No-deal Brexit is 'underpriced', No 10 warns

Christopher Hope
·5-min read
Michel Barnier (front)
Michel Barnier (front)

Britain could be just seven days away from leaving the European Union without a trade deal, Downing Street warned on Saturday night.

In a candid assessment issued "at the start of what may be the final week of trade negotiations", Number 10 warned that a "significant gap" still exists on fisheries, adding: "No deal is arguably underpriced."

The comments mark a toughening of the UK's position on the talks which have dragged on for months and have seen various deadlines missed.

Fishermen in Hastings. Without a deal, Europe's fishing boats will lose access to British waters - GETTY IMAGES
Fishermen in Hastings. Without a deal, Europe's fishing boats will lose access to British waters - GETTY IMAGES

The warning came despite fresh hope of cooperation between the UK and France when the two countries signed a new bi-lateral deal preventing Channel migrant crossings. Under the new deal, France agreed to double police beach patrols but continued to resist taking back arrivals.

The hardening in language in the Brexit talks has been triggered by the need for both the UK and EU to pass in law the details of the trade treaty before the end of a transition period on Dec 31.

Multiple sources in the UK Government said that the Brexit talks are likely to be concluded by next weekend. One source said they should be resolved "one way or another" this week.

Ministers in London expressed scorn on an offer from Michel Barnier, the EU's chief negotiator, that the EU will grant British access to just 15 per cent to 18 per cent of the fish in UK sovereign waters.

A UK Government source said the offer showed how far apart the two sides are, adding: “These figures are risible, and the EU side know full well that we would never accept this.

"There seems to be a failure from the Commission to internalise the scale of change needed as we become an independent nation.”

Mr Barnier was in talks with his UK counterpart Lord Frost in London on Saturday. Talks are due to continue on Sunday and into the first half of this week.

Sources made clear that "the UK team will not settle for anything less than a great deal for UK fishing communities that guarantees for the first time in nearly 50 years that we have control over our waters".   They added: “If the EU don’t move we are prepared to leave the transition period on Australia terms".

A source close to the negotiations added: “We hope that the EU will come with some fresh thinking because what we’ve seen so far doesn’t cut it.”

The UK Government's tough line was backed by the Scottish Fishermen Federation, which likened the EU to a school playground bully who steals other children's lunch and offers crumbs back in recompense in an article for the Telegraph’s website.

UK Government sources said that - even if a deal were signed at the end of this week - it would leave just eight sitting days to pass new legislation through Parliament to enact the treaty before Parliament rises on Dec 17. A source said: "We don't have a huge amount of time."

The European Research Group of Conservative MPs has made clear that it will vote against the legislation if UK sovereignty is compromised.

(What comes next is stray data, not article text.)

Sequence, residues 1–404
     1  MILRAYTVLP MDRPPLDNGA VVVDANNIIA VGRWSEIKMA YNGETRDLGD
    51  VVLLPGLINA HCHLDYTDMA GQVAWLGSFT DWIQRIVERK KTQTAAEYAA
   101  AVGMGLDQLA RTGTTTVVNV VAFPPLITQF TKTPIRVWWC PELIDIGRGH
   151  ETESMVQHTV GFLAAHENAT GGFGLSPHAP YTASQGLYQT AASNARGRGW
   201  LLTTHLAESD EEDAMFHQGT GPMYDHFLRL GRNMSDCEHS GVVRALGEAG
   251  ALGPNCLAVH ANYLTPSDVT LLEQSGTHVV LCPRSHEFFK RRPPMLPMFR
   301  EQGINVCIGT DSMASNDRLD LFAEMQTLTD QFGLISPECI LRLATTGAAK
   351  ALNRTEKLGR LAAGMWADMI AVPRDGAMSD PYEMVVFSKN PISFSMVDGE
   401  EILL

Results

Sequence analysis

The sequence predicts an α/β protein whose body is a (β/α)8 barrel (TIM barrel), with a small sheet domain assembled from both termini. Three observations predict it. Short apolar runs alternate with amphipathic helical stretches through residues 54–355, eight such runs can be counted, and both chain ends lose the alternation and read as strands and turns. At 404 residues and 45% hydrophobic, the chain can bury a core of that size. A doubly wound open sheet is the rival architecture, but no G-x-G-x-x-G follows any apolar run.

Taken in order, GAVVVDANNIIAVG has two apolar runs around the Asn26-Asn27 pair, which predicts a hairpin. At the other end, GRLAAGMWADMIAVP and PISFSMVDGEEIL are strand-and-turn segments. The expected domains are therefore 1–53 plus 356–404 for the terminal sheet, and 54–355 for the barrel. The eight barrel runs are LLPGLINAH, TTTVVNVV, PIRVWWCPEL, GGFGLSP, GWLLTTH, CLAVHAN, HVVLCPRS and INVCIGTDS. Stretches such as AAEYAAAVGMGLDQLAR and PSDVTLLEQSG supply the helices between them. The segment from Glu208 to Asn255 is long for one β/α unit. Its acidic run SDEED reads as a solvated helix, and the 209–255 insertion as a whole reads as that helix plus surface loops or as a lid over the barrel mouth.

In a phone call with Irish Taoiseach Micheál Martin late on Friday night, Mr Johnson "underlined his commitment to reaching a deal that respects the sovereignty of the UK", a No10 spokesman said.

Under the new Anglo-French migration deal agreed on Saturday night, France agreed to double the number of gendarmes on its beaches but continued to resist taking back UK arrivals.

Although sources insisted there was no linkage between migrants and fishing rights, they pointed to the deal as evidence of the two countries’ willingness to work together post-Brexit.

"We accept this is a shared problem and recognise we can only solve it by working together," said a Government source.

Priti Patel introducing the first Clandestine Channel Threat Commander, Dan O'Mahoney
Priti Patel introducing the first Clandestine Channel Threat Commander, Dan O'Mahoney

Priti Patel, the Home secretary, hailed the deal as "a significant moment for our two countries, stepping up our joint action to tackle illegal migration".

She said: "Thanks to more police patrols on French beaches and enhanced intelligence sharing between our security and law enforcement agencies, we are already seeing fewer migrants leaving French beaches.

“The actions we have agreed jointly today goes further, doubling the number of police officers on the ground in France, increasing surveillance and introducing new cutting edge technology, representing a further step forward in our shared mission to make channel crossings completely unviable."

The four-point plan includes a major expansion of surveillance by drones and CCTV along the 100 miles of France’s northern coastline aimed to catch migrants before they leave French soil. Radar equipment, optronic binoculars and fixed cameras will also help search the coastline quicker.

It follows a seven-fold increase in the number of migrants crossing the Channel this year with a record 8,500 reaching UK shores since January.

The increase in police operations is backed by a French pledge to disperse more migrants from the north of France to accommodation centres inland where they could apply for asylum in France or other EU countries.

Border security at ports in northern and western France will be increased to prevent smugglers shifting their illegal trafficking into lorries and other freight as the French attempt to choke off the sea routes.

The agreement builds on the joint cooperation that has already seen the proportion of crossings intercepted and prevented rise from 41 per cent in 2019 to 60 per cent in recent weeks. On Friday, the French caught 20 migrants attempting to reach England.

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